SHANGHAI, March 6 (Reuters) - Sequoia Capital, one of the world’s top venture capital firms, sent a note to the founders and CEOs of its companies on Friday describing the coronavirus as “the black swan of 2020” and urging them to brace for coming economic shocks.
The note, which it also published publicly here, said the companies should consider cutting expenses, reexamine their spending plans, review their staff numbers and prepare for a changing fundraising and sales environment.
Sequoia also said some companies had already seen growth rates drop sharply between December and February with several on track to miss first quarter targets thanks to the coronavirus.
The virus has hit the tech world in dramatic fashion over the past week, with an outbreak near the tech hub of Seattle killing 10 people and major companies including Amazon, Google and Facebook cancelling travel and urging some employees to work from home.
“Having weathered every business downturn for nearly fifty years, we’ve learned an important lesson — nobody ever regrets making fast and decisive adjustments to changing circumstances,” said the note, which was signed off by ‘Team Sequoia.’
“In downturns, revenue and cash levels always fall faster than expenses. In some ways, business mirrors biology. As Darwin surmised, those who survive ‘are not the strongest or the most intelligent, but the most adaptable to change.’”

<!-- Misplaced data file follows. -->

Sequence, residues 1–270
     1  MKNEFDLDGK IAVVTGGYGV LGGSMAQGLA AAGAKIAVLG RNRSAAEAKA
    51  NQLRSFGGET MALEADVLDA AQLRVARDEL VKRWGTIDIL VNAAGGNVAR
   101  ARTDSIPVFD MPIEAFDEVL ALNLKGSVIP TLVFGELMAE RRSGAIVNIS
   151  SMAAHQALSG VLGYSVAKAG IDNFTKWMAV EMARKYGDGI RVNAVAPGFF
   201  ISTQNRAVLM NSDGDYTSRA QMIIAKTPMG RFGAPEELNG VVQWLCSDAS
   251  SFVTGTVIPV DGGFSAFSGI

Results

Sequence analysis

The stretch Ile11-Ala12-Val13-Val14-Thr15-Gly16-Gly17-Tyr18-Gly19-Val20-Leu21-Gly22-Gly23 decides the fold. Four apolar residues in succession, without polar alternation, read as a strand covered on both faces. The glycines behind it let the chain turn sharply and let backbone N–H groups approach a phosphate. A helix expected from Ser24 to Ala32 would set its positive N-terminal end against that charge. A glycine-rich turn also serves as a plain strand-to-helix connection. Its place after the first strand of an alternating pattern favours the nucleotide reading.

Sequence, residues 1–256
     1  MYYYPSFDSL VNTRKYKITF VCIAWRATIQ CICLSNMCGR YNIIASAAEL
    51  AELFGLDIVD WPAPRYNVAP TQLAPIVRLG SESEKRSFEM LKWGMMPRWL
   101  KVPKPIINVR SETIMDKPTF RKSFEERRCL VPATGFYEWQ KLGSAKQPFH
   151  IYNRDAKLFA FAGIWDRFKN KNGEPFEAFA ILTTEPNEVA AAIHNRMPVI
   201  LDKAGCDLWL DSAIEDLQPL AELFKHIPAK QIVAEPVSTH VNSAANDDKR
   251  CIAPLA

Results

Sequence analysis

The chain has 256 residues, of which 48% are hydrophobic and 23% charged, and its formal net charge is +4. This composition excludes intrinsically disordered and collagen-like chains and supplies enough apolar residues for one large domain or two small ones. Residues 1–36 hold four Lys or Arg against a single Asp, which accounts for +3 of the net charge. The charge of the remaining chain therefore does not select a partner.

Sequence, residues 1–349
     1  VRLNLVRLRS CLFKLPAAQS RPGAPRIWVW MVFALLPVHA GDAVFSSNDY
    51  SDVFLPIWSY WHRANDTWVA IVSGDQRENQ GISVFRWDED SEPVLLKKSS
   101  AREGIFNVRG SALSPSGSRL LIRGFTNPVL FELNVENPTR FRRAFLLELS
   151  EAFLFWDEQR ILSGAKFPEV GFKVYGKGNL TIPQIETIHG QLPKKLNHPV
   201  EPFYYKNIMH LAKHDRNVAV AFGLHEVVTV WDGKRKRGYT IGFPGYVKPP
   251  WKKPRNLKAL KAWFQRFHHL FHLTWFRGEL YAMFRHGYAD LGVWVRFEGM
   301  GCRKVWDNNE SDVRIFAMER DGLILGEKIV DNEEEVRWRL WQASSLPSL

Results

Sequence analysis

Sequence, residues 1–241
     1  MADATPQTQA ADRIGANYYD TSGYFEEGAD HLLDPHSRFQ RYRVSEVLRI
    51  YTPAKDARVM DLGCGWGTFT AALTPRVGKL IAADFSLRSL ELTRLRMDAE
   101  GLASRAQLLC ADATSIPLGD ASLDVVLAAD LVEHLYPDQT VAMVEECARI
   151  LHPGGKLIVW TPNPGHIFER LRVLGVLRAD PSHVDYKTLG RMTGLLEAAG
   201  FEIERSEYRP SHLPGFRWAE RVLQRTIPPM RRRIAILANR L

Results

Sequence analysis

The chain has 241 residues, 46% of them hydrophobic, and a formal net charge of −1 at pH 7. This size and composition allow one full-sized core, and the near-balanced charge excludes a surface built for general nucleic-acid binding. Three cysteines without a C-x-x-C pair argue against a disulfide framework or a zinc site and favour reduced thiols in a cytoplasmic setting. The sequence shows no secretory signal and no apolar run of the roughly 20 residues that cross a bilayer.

Sequoia, an early investor in global tech behemoths like Google Inc and Apple Inc, has been known for its prescience in the past.
In 2008 it sent a similar note to its founders titled “RIP Good Times” during the global financial crisis of that year which has since become part of Silicon Valley lore.
The coronavirus, which is believed to have started in China’s Hubei province in December, has killed over 3,300 people globally. Reported cases of infection have topped 96,500, most of them in mainland China. But the number of new infections overseas now exceeds new cases in China, with Italy, South Korea and Iran in particular seeing worrying spreads of the virus.
In the U.S., new cases have emerged in Silicon Valley and New York in addition to Seattle, heightening concerns for tech firms. (Reporting by Brenda Goh; Editing by Simon Cameron-Moore)
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